I’ve been on a minority fantasy authors kick recently, and this novel is very much reflective of that. There was an article that talked about all the black fantasy authors, and Nnedi Okorafor just happened to show up, so I figured why not? I can’t remember exactly what I expected, but what I ended up with definitely was not that. I also want to make it known that this review has spoilers. It’s nothing too revealing, but I know that some people are particular about that so I’ve taken the time to at least mark where they begin and end.

Who Fears Death is the story of Onyesonwu, who has been branded for life as an Ewu because of the circumstances of her conception. Plagued by society’s view of her, Onye does everything she can to bring honor to her family. Unfortunately, none of that will matter if she cannot stop her biological father from killing her.

What I thought was interesting about this book was the time period that the book is set in. When I began to read it, there was a lot of talk about traditions, deserts, and open markets. So I’ll be the first to admit that I thought that this book was either in modern times, or a little bit before technology. Right up until they started talking about old computers. This book is set in a time of complete computer literacy even in far-flung towns in the Sub-Saharan desert. So, obviously, this book is set in the future, right? It doesn’t always feel that way, but maybe that’s because I’m looking at it from Western perspective.

This novel was a bit of a challenge for me to get through, mainly because I’m used to devouring books in a matter of hours. Who Fears Death was a challenge for me because a lot of what was socially acceptable for Onyesonwu was shocking to me. There is talk of female genital mutilation being a way to honor a girl’s family, but everything in me was wondering why anyone would think that that was a good idea. There were eleven year olds participating in sexual activity, and I wanted to think ‘well at least it’s their choice’, but what kind of choice is that at eleven? Again, not my usual perspective, but who am I to say that this is not the norm in Nnedi Okorafor’s culture? (I doubt it, unless her Nigerian tribe is doing something entirely different from the Nigerians I know). I am not saying that any of that takes away from the novel – it’s ridiculously well written – but these things really shocked me.

But they weren’t what slowed me down.

– Spoiler – 

What killed me was the decision to be taught by the guy who had continuously rejected her. This guy was continuously wretched in his rejections, to the point that Onye had to magically beat him up, then bring her dead father back to life for few seconds, just to get him to agree. Now I’m not the best judge of character, but why in the hell would anyone even be bothered with that guy? Her boyfriend, father, great-aunt, and one of the town elders, all tried to ask this guy to teach her – and this is outside of her own attempts – and he didn’t even budge. I understand that there was a reason for not wanting to teach a woman – an Ewu one at that – but he was just ridiculous.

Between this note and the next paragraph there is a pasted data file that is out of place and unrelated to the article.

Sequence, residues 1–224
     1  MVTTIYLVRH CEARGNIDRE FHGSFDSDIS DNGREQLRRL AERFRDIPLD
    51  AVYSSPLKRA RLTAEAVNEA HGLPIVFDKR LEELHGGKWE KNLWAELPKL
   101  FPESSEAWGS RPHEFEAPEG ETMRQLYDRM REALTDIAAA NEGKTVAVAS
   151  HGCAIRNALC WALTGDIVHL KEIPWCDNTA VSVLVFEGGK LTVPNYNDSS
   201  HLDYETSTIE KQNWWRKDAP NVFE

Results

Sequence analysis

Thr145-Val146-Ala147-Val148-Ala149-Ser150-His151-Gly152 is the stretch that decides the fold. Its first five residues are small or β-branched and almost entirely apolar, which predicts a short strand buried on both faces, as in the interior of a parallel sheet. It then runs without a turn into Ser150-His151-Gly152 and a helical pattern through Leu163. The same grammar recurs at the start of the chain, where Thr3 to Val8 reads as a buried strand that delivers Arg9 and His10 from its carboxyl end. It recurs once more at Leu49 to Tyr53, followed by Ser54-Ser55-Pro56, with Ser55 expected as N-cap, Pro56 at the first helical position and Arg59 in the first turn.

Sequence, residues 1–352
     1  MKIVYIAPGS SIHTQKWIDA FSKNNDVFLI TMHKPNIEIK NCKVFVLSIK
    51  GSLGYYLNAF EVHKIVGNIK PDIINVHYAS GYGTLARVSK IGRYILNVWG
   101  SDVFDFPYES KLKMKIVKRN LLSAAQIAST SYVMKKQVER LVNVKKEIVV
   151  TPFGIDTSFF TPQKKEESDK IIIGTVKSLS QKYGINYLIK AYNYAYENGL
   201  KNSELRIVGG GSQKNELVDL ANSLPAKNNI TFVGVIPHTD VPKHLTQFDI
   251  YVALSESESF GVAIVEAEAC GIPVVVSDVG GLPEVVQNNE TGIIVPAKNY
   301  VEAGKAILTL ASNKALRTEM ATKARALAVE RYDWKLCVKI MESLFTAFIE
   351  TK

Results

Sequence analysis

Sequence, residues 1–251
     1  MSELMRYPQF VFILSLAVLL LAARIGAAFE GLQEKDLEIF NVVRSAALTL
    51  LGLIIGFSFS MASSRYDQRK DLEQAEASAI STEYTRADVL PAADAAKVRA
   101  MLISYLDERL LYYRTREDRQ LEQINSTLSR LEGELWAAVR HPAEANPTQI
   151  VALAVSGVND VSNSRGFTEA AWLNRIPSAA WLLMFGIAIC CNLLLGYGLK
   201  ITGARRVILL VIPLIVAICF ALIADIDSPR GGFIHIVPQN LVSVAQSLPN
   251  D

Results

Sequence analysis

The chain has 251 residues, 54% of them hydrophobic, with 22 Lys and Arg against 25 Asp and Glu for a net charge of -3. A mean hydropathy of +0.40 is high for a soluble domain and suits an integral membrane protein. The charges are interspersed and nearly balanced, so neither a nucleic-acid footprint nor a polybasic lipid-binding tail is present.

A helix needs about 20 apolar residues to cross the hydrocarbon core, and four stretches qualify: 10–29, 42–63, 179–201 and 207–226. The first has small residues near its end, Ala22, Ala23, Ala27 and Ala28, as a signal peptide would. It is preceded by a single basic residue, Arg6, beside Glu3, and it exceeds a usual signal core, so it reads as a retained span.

Once I got over that, the rest of the book was smooth sailing. I liked the idea of children being born to fulfill their parents’ wish for them. Yes, I understand that children should be allowed to choose their own path, but, hear me out, in biblical times, children were named for the purpose that they were expected to fill in life. So how is that any different? Onyesonwu was born a sorcerer because her father wanted a powerful child, and a girl because her mother wanted a daughter to avenger her rape. Onye’s mother was born an Eshu because one of her parents wanted her to be a great sorcerer, and she’d been raised in a constant state of travel. Onye’s father, because of the arrogance of his own father, was always destined to be a great general, but his mother wished for him to be a sorcerer who brought change. It’s all connected.

– End Spoilers – 

And the connections! I loved every single one of them. Okorafor left no stone unturned in this book. I appreciated the villain reveal, and everything that the reveal of the villain revealed. Once again, the connections!

All in all, social norms aside, Who Fears Death was a very new kind of story – to me. It was very messy in it’s drama, but very clean in the way that it ended. This story is very much informed by real world happenings, considering that the main character is a child of violent rape. However, there’s a major sci-fi/fantasy tint to it. The book is 99% over before we find out that the land Onye spent the whole book traveling used to be the Kingdom of Sudan, so we can go ahead and file this one under dystopian future as well. Still, I loved it, and I look forward to reading Okorafor’s next book, Binti.

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